Schizoaffective disorder (SZD) is a mental health condition that affects a person’s mood and perception of reality. People who suffer from SZD face many challenges. This is because they will experience symptoms of psychosis, bipolar disorder, and depression.
SZD affects the way a person thinks, feels, acts, and interprets reality. An affected person will struggle to express how they feel. They may also struggle to understand what is happening around them during episodes.
People with this condition will struggle on a chronic basis. They will struggle with mood fluctuations. This will affect how they think and behave in reaction to situations. Because of their condition, other areas of their life will be affected.
Such areas include:
- Academic performance
- Career and job performance
- Social interactions
SZD can be difficult to identify. It can manifest through symptoms that are similar to different conditions. Because of this, misdiagnosis is common. Identifying symptoms can be challenging. Despite the challenge, it is critical for the proper diagnosis of this condition.
Symptoms of Schizoaffective Disorder
Symptoms of SZD will occur in reaction to mood dysregulation and psychosis. Because of this, symptoms often mirror the following conditions:
Brief Psychotic Disorder
A disorder that causes a person to lose touch with reality. Symptoms of brief psychotic disorder that are present in SZD include:
- Delusional thinking
- False beliefs
- Developing conspiracy theories
- Impaired speech
- Unusual or impulsive behavior
- Inconsistent appearance and hygiene care
Depression causes a person to have a low mood. People who are depressed may feel sad, hopeless, or numb. Symptoms of depression that are present in SZD include:
- Episodes of depressed mood
- Feeling hopeless, helpless, or unloveable
- Feeling empty, or struggling to feel emotions
- An extreme or consistent feeling of sadness or despair
- Withdrawal from family and friends
Bipolar disorder causes a person to feel mood changes between mania and depression.
Mania is a condition in which a person feels an increase in energy. A manic mood can cause:
- Impaired ability to make decisions
- Setting unattainable personal goals
- Lack of sleep
- Grandiose thoughts
- Impulsive behavior
Causes Of Schizoaffective Disorder
A person will begin to show signs of SZD between their teens and early 30’s. It is not common for children under 15 years old to show signs of this condition. SZD can be misdiagnosed as psychosis or schizophrenia. It can also be misdiagnosed for depression or bipolar disorder. While there is no clear cause of SZD, a combination of factors can place a person at higher risk of developing the condition. The following are factors that may cause SZD:
SZD can run in families. A person who has a close family member with SZD is at increased risk of developing the condition. This is due to a genetic link to the condition. A person may inherit SZD, even if their parents do not have the condition themselves.
People who suffer from SZD tend to have differences in brain chemistry compared to others. Dopamine levels in the brains of SZD patients tend to be lower than those who do not have the condition. This chemical difference may be influenced by drug use. People who use recreational drugs are at increased risk of SZD.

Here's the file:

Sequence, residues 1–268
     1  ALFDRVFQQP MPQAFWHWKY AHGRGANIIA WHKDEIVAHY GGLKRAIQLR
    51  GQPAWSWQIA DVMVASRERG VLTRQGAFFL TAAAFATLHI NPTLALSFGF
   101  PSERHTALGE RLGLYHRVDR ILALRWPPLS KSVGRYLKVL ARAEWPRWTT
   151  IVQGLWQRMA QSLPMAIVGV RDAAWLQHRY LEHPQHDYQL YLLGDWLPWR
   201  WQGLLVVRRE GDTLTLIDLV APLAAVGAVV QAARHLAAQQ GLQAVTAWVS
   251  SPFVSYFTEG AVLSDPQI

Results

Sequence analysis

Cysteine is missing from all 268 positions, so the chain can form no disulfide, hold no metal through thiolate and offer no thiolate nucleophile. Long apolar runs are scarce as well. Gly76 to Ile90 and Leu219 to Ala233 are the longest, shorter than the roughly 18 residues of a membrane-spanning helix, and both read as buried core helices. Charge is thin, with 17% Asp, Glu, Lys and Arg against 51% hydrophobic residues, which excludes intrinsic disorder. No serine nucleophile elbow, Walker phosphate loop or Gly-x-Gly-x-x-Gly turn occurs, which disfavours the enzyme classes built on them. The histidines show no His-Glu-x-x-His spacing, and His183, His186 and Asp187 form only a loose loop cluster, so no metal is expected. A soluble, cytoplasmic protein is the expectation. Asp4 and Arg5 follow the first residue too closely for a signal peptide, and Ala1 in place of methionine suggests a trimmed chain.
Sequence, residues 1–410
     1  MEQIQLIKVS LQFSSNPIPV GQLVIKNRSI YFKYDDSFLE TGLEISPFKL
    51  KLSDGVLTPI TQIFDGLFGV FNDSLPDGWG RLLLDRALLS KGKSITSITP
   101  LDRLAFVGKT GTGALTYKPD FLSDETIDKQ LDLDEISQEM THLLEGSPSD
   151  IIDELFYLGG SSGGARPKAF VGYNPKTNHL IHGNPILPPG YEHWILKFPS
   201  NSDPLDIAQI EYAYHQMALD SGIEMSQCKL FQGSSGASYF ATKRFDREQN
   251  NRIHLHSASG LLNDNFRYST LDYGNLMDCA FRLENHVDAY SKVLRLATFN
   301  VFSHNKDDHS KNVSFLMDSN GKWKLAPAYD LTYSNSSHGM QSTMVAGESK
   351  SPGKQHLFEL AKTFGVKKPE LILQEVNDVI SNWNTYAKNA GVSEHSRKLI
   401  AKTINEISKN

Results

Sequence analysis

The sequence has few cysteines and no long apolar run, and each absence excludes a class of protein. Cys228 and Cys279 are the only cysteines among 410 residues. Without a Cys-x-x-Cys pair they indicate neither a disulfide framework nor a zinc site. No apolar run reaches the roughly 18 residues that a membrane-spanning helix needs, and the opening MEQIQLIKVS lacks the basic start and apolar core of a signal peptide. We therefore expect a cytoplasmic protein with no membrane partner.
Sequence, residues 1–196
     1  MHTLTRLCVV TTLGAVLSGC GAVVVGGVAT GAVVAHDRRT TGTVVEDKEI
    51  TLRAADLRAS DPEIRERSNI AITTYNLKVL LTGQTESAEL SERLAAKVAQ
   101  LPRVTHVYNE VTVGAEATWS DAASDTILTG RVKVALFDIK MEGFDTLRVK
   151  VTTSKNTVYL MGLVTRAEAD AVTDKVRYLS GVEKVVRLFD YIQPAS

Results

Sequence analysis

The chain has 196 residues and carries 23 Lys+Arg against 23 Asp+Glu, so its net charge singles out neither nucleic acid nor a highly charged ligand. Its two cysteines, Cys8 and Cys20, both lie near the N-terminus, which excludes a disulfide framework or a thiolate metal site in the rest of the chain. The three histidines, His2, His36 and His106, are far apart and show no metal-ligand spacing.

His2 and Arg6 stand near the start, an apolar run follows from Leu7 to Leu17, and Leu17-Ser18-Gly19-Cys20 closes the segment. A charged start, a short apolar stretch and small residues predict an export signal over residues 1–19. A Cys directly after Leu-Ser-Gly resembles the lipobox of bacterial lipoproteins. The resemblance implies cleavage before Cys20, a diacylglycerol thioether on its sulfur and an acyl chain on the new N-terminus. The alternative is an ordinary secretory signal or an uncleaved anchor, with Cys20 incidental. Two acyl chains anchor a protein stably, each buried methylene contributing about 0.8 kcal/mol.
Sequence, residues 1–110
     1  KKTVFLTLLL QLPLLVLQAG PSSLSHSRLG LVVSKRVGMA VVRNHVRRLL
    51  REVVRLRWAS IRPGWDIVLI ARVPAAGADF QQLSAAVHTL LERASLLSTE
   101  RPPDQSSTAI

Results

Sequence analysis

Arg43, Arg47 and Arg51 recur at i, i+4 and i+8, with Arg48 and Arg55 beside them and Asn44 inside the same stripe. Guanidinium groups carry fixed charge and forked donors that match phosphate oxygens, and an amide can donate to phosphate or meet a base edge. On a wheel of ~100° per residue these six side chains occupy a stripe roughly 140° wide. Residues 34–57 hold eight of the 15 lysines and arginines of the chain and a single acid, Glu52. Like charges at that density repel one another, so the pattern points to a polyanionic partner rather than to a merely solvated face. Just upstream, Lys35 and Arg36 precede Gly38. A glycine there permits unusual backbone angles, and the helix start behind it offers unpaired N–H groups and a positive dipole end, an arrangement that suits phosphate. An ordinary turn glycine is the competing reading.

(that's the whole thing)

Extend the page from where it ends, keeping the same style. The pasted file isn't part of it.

The environment can influence the chances of a person developing SZD. People who grow up in abusive, chaotic, or neglectful environments are at increased risk of developing the condition. Trauma, intense stress, and emotional instability can also influence a person’s chances of suffering from SZD.
Treatment For Schizoaffective Disorder
Treatment of SZD can be challenging. The first and most critical component of treatment is proper diagnosis. SZD is often misdiagnosed. Without the correct diagnosis affected people are often mistreated. Even with a proper diagnosis, people with SZD can be resistant to treatment. Despite the challenges, with the right motivation, a person can learn how to manage symptoms of SZD.
To treat SZD, a person will need to consult with a psychiatrist. A psychiatrist can prescribe medications that will help the affected person. Antipsychotic medication is typically prescribed to people who are suffering from SZD. This medication helps to reduce psychotic symptoms. An affected person may also be prescribed an antidepressant or mood-stabilizing medication.
Along with medication, therapy will be needed. Therapy can teach an affected person about their condition. Through therapy, a person can learn how to manage their symptoms and properly take their medication. Therapy can also help by addressing life stressors that trigger symptoms. Therapy teaches coping skills for mood swings, along with social and stress management skills.
In extreme cases, an affected person may need to be hospitalized. Hospitalization ensures proper care in a secure environment. While SZD is typically treated on an outpatient basis, severe cases may need to be hospitalized until stabilized. Those who are in danger of hurting themselves or others will likely undergo a period of hospitalization while being treated.